New ransomware lets you decrypt your files — by infecting other users

The ransomware will lock your files, unless you pay up. But it also contains a far more sinister method of decrypting your files.

A new kind of ransomware comes with its own "referrals" program, one that you probably wouldn't want to join.

The malware dubbed "Popcorn Time" locks your Windows computer's files with strong AES-256 encryption, until you a pay a ransom of one bitcoin (or $780 at the time of writing).

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(Image: MalwareHunterTeam)

But this ransomware comes with a twist.

The lock screen will let victims unlock their files the "nasty way" by sharing a link with two other people -- presumably ones the victim doesn't like. If they become infected and pay, then the original victim will receive a free decryption key.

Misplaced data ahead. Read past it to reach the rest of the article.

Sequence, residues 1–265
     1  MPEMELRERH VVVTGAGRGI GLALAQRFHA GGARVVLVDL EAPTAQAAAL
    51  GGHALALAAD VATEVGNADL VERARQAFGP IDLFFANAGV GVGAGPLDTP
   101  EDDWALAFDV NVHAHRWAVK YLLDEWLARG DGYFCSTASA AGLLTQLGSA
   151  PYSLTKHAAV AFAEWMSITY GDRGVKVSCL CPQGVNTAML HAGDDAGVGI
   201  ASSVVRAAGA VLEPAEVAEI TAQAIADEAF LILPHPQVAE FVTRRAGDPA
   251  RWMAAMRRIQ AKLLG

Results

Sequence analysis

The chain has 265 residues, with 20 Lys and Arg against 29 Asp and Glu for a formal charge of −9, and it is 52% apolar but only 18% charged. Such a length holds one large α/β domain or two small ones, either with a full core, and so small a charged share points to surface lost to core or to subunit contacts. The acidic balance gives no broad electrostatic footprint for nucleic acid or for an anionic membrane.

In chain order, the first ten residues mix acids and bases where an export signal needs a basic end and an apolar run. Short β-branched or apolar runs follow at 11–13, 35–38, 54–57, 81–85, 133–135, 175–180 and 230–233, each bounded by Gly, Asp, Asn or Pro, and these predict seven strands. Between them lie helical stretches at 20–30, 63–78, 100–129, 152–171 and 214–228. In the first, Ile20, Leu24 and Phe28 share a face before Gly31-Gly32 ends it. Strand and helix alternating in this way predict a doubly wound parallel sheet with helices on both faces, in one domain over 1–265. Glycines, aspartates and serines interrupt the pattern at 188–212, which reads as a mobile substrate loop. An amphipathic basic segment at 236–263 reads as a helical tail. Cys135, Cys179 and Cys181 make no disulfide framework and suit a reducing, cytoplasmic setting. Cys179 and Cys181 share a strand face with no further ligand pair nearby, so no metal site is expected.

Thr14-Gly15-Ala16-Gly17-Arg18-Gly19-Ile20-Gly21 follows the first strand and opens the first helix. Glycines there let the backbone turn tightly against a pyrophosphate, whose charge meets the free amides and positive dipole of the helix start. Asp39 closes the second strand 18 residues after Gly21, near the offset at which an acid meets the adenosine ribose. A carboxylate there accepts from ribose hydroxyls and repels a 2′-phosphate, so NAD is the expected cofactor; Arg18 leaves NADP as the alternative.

Otherwise, infected users have seven days to pay the bitcoin ransom to an anonymous wallet.

According to one report, the ever-evolving source code suggests that if a victim enters the decryption code incorrectly more than a handful of times, the ransomware will permanently lock the files.

The ransomware just this week was updated to encrypt files in Documents, Pictures, Music and Desktop folders, as well as dozens of file extensions, including many of the most popular.

A series of screenshots tweeted by the MalwareHunterTeam, which found the ransomware, shows that the criminals purport to be Syrian, and that the money paid "will be used for food, medicine, and shelter to those in need."

"We are extremely sorry that we are forcing you to pay but that's the only way that we can keep living," said the ransomware note.

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(Image: MalwareHunterTeam)

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